Though Paulus’ production ends by revealing the artifice of the circus, the visual imagery of the show’s circus elements overall is bright and acrobatic, featuring impressive feats from its agile cast. To achieve the circus effects in her production, Paulus enlisted the help of Gypsy Snider of the Montreal-based troupe Les 7 Doigts de la Main, performers from which are also part of the cast. Andrea Martin as Pippin's grandmother, Berthe, even took home a Tony Award for her elaborate trapeze performance of "No Time At All," which found the actress suspended, sometimes upside down, above the stage as she sang.

Dee Roscioli, Sarah Dacey Charles, Alex Goley and Noah Plomgren in <i>The Circus in Winter</i>
Dee Roscioli, Sarah Dacey Charles, Alex Goley and Noah Plomgren in The Circus in Winter Photo by Diane Sobolewski

The Circus in Winter

A brand-new circus-themed musical, The Circus in Winter, is now playing at Goodspeed Musicals in Connecticut. The show, which was developed at the National Alliance for Musical Theatre (NAMT) conference in New York in 2012, is based on a "novel-in-stories" by Cathy Day about a troupe of circus performers who set up camp for the winter each year in a small Indiana town. Natural disaster and the mistreatment of animals factor into the real-life challenges facing the circus over the years. The musical’s creators sought to emphasize the hardscrabble existence of a circus over the course of several decades as the business adapts and changes. The score, by Ben Clark, features a folk rock-inspired sound that's a cross between Spring Awakening's indie rock edge and The Burnt Part Boys' Appalachian twang. Featuring a book by Hunter Foster and Beth Turcotte, the show explores the lives of various troupers, including an acrobat, clowns, a former slave named Pearly and the owners of the fictional Great Porter Circus (which was based on the real-life Hagenbeck-Wallace Circus, the second-largest circus after Ringling Brothers and Barnum and Bailey in the peak of its powers). Though it's aiming for a full New York production down the line, The Circus in Winter is currently playing at Goodspeed through Nov. 16 in a production directed by Joe Calarco and choreographed by Spencer Liff.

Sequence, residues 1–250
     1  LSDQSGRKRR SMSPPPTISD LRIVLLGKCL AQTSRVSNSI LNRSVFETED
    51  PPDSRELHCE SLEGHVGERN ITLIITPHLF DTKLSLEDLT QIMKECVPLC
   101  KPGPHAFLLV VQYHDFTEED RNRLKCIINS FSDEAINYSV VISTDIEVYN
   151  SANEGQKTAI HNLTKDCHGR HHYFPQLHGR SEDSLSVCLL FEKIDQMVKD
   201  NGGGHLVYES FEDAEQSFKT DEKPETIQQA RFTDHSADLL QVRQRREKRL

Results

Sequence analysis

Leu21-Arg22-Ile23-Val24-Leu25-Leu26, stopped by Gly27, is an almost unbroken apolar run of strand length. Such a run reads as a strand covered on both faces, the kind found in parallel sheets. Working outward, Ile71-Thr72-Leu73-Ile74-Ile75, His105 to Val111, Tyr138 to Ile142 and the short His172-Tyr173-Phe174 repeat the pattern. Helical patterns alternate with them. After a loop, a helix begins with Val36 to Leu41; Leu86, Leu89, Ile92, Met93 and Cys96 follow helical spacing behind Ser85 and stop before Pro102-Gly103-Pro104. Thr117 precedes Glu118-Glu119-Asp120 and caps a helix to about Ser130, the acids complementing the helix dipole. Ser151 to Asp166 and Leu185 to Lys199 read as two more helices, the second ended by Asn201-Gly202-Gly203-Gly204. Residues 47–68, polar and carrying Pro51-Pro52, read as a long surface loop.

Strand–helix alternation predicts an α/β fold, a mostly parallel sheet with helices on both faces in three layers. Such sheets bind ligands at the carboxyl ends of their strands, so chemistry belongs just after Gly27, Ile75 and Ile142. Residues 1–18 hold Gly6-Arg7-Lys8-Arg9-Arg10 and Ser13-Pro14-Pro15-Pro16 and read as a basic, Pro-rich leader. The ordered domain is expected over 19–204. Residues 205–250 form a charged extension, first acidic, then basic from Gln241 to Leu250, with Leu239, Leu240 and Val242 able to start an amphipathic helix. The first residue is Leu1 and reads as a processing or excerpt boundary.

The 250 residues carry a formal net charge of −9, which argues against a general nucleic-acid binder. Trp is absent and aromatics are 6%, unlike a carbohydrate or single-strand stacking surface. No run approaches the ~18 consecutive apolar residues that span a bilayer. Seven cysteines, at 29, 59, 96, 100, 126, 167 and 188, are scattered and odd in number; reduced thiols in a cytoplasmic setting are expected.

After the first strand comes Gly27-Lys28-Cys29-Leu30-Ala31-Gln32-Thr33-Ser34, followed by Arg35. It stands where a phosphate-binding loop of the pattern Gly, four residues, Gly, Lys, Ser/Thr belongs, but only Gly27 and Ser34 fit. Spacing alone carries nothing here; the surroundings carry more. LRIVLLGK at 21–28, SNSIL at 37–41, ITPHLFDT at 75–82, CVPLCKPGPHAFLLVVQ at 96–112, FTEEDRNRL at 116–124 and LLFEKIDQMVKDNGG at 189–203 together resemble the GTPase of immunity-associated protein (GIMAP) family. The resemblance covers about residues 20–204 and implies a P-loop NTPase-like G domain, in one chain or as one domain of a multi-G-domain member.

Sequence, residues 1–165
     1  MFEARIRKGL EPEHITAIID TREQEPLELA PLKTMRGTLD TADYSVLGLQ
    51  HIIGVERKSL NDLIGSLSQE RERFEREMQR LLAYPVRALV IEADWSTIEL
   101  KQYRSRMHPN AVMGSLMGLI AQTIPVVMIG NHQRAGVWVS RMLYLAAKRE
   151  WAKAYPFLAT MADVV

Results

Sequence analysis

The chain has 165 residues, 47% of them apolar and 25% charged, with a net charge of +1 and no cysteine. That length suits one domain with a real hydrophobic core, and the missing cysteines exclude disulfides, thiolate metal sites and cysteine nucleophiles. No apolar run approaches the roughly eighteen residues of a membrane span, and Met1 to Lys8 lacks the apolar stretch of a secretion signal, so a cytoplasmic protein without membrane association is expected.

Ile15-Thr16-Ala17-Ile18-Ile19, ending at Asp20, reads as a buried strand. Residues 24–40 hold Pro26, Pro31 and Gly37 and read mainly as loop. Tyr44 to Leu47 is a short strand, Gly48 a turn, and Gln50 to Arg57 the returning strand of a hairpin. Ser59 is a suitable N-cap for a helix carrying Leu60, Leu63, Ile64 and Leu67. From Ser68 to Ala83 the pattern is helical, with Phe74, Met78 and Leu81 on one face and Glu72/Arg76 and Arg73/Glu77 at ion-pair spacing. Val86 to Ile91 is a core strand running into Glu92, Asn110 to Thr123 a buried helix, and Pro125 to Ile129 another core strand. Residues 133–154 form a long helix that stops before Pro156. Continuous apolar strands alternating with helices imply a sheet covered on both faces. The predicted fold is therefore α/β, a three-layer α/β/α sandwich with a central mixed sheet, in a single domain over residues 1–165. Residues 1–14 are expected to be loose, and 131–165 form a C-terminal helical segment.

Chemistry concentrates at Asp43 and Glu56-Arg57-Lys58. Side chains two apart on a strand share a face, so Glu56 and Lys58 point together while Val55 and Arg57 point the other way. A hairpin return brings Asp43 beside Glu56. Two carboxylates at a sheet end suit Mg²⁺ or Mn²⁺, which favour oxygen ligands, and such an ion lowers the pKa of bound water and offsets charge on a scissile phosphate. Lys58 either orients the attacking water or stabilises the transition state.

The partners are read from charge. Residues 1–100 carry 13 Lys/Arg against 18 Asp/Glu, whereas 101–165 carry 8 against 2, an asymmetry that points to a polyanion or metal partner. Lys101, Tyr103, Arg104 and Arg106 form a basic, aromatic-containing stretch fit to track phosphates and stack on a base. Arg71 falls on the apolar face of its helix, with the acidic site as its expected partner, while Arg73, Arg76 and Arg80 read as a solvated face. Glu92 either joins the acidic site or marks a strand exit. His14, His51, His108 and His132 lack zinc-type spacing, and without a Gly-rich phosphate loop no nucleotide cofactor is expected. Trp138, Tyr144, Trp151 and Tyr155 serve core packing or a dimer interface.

(Richard Patterson is a critic and editor for Exeunt Magazine as well as a playwright and lyricist-in-training. Visit him at therichardpatterson.com and follow @broadwaygayby on Twitter.)